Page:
Look, I get it, you're sad you missed out on getting one, or perhaps live in a country too hostile for Jolla to release their product in, but if it was released, with 3 different devices running SailfishOS, 2 of which were generally avai

              • Keyword might have been "was."

                Check if there "is" and online store, or if it "is" available on Amazon.

                And no, Europe isn't a country.

                Also, a sony phone running SailfishOS is not a Jolla phone, it is a Sony phone.

                I didn't "miss out" at all, if you actually read what I said I was looking for you'd understand that "limited time only" is not a commodity phone. It is exactly the same as any other proprietary crap-ware. I never said I'm interested in a new proprietary OS based on linux that is running on propriet

  • If I am correct... (Score:5, Interesting)

    by ebrandsberg ( 75344 ) on Saturday May 13, 2017 @02:04PM (#54411403)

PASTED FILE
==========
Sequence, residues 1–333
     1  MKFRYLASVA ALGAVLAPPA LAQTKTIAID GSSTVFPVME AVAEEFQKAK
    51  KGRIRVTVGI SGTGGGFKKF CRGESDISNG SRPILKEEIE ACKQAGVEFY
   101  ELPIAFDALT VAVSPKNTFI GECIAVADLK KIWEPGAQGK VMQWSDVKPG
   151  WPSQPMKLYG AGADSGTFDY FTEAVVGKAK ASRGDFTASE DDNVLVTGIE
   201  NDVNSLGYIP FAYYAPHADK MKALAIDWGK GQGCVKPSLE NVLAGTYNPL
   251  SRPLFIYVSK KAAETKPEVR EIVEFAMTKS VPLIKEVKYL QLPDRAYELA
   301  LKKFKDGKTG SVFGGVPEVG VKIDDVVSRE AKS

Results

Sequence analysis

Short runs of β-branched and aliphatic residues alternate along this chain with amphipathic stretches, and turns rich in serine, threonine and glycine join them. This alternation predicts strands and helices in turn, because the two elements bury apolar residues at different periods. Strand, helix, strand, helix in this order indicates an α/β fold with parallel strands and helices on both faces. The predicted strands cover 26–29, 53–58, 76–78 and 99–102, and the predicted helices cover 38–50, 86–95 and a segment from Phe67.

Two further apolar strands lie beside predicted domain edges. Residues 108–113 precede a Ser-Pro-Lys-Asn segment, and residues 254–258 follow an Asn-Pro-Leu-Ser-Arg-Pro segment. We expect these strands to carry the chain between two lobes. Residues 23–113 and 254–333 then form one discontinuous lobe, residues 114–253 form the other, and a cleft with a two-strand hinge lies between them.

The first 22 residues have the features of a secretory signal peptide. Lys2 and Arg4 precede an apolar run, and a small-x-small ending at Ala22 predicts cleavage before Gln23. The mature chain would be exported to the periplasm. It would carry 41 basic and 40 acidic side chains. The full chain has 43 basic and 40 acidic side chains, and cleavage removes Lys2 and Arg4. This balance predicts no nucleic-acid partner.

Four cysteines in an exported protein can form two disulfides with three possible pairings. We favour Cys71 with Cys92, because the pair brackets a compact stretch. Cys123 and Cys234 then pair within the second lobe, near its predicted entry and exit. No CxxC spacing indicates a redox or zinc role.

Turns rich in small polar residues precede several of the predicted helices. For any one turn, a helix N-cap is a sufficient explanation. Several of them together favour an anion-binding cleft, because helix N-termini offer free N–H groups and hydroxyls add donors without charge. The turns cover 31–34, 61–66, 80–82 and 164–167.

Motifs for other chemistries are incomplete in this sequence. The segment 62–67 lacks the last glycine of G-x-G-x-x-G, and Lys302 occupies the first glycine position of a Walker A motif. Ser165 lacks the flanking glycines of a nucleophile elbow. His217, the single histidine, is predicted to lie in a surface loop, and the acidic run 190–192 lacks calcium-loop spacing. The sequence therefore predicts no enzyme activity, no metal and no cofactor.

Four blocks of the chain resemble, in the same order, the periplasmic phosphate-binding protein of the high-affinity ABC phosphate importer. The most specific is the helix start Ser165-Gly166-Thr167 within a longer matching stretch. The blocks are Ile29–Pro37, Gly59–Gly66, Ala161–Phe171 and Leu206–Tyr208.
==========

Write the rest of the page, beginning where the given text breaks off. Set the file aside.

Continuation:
This will allow third party ROMs to be built and released for nearly every phone much more easily. I envision the golden age of customized ROMs on the way.

    • This will allow third party ROMs to be built and released for nearly every phone much more easily. I envision the golden age of customized ROMs on the way.

      It will make ROMs much easier for devices that have unlockable bootloaders (note that bootloader unlocking is completely different from carrier unlocking). But at the same time, SELinux, verified boot and other platform security improvements are making it much harder to find exploitable vulnerabilities that allow rooting/modding of phones that aren't unlockable by design.

      If you want to be able to use custom ROMs, be sure to buy a device with an unlockable bootloader. All devices sold by Google are unlocka

    • Good thing too since they still haven't released Xposed for Nougat.
  • PR spin? (Score:2, Interesting)

    by Anonymous Coward

    Is it just me, or did Google's PR team just announce a hardware abstraction layer and everybody went nuts?

  • by Anonymous Coward

    So, what will this do for the Android 4.2, 4.4 and 6.0 tablets I already own and are stuck at those versions? Do they continue to be abandonware?

    If Google tells me I just need buy one more tablet, and it'll get system updates, "for real this time, no matter what the hardware manufacturers say or do", they can go fuck themselves. I'm done with Android.